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Help protect farmers’ rights through these four organizations

Help protect farmers’ rights through these four organizations

Hacienda Luisita. Sagay. Canlaon.

These words don’t denote the places anymore, but recent massacres that claimed farmers’ lives. According to SAKA’s Peasant Death Toll, 200 farmers are killed in relation to land disputes since Duterte came into power.

Read more: I never understood protests until I joined one

Farmers are the lifeblood of this nation; they make an honest living, work for minimum wage, and they still remain persistent. It’s a simple life. All they want is to live and provide—but authorities treat them like cattle.

Unfortunately, the list of lands tainted by innocent blood does not stop at Canlaon. On March 30, 14 farmers were slain in Negros Oriental during police operations. The police said they fought back. The police said that their deaths are “legal,” and PNP’s Col. Raul Tacaca went as far as to clarify that it wasn’t a “massacre.”

from SAKA Philippines’ Facebook

Authorities can keep making excuses, but 14 farmers remain dead while their families seek justice and retribution. All the while, 15 survivors from the massacre remain detained with no clue on how long they’ll stay in prison.

Us young people can make changes through our words and actions. Whether we agree or not, we remain future movers and shakers of our nation. The death of the 14 farmers in Negros Oriental, now dubbed the Negros 14, isn’t the first time authorities threatened our farmers’ safety. With our privilege of having a voice and the means to help, justice is still a possibility.

Read more: This is what art activism in the Philippines looks like

Step up and do something with your privilege. It’s time to shout with all our might: “Lupa hindi bala!” or “Stop Killing Our Farmers,” while backing it up with actions.

Every little help contributes to a brighter future for our farmers. There is a lot for us to do. We can support, volunteer, participate, and donate to movements supporting them.

Let’s disturb the comfortable and comfort the disturbed through supporting these four organizations protecting our farmers’ rights.

NNARA-YOUTH – National Network of Agrarian Reform Advocates

From NNARA-Youth’s Facebook

Established in 1995, The National Network of Agrarian Reform Advocates is a youth organization standing up for our farmers and rural communities. They hold rallies and events where people’s voices can push for our country’s much needed Agrarian reform.

NNARA-Youth has been protesting on behalf of the Negros 14. From March 30 and April 1, they held these protests to condemn these killings in rural communities. Senatoriable Neri Colmenares also attended their March 30 protest.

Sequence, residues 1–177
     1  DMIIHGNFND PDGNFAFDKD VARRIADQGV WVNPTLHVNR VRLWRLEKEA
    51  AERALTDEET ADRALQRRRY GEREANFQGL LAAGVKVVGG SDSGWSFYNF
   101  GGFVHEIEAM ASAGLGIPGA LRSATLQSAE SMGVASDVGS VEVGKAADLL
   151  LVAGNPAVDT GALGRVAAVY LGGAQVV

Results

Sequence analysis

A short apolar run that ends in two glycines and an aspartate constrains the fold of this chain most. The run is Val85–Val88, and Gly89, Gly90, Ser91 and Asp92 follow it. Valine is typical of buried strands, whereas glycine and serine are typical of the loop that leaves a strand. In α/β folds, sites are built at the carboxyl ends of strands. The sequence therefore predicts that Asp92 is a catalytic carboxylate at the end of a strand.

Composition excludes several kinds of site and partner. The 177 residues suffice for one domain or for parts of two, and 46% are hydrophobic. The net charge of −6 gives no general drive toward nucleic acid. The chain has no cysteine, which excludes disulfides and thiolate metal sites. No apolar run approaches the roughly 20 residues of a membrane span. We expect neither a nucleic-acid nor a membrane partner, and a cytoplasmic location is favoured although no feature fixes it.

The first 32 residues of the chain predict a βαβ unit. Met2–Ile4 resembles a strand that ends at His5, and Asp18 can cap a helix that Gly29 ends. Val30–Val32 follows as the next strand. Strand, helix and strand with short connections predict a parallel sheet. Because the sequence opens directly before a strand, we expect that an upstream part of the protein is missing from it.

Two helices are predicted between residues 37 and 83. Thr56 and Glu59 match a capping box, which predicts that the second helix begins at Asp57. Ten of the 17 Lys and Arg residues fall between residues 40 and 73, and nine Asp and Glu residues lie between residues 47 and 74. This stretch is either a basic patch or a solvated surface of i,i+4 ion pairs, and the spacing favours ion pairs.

Want to take part in their next protest or volunteer? Here’s how to reach out to them.

Contact number: 426-9442

SAKA – Sama-samang Artista para sa Kilusang Agraryo

From SAKA’s Facebook

SAKA is an organization made up by artists, writers, and performers supporting farmers and their rights. Established in 2017, they’re made up of  60-70 art and cultural workers who answer the call for “genuine agrarian reform, food security, and social justice in the Philippines.”

They organize regular activities such as study and workshop sessions and solidarity lunch cookouts. In these immersion activities, they encourage peasant groups and artists to share issues and social causes. They also hold gigs and other fundraising activities from time to time.

We can also help this organization by purchasing their tote bags and shirts. All proceeds will go to projects aiding our local farmers.

Want to take part in their next protest or volunteer? Here’s how to reach out to them.

Email: [email protected]

UMA – Unyon ng mga Manggagawa sa Agrikultura

From UMA’s Facebook

UMA has been fighting for farmer’s rights since the ‘70s. They are “the center of unions, federations, and organizations of agricultural workers in the Philippines.” This organization protests for farmers’ rights and our much needed agrarian reform.

Currently, they posted a call for donations to aid the victims’ families. Here is how you can reach out to them and do your part.

From UMA’s Facebook page

Want to take part in their next protest or volunteer? Here’s how to reach out to them.

Address: 56 K-9 St., West Kamias, Quezon City, Philippines 1102
Email: [email protected]

Amihan Women

From Amihan Women’s Facebook page 

They are a federation for female farmers fighting to advance agrarian reform in this country. Like the organizations mentioned above, they hold forums, workshops, protests, and support pro-agrarian reform parties to fight against injustices around the nation.

From Amihan Women’s Facebook page

Amihan Women has a call-to-action to free Acuzena Garubat. She’s a 57-year-old Anakpawis coordinator. She’s one of 11 detainees from the Canloan massacre and she needs your help. They’re currently open for volunteers.

Want to take part in their next protest or volunteer? Here’s how to reach out to them.

Email: [email protected]
Address: 80-A Mapang-akit Street, Barangay Pinyahan, Quezon City

Photo from SAKA




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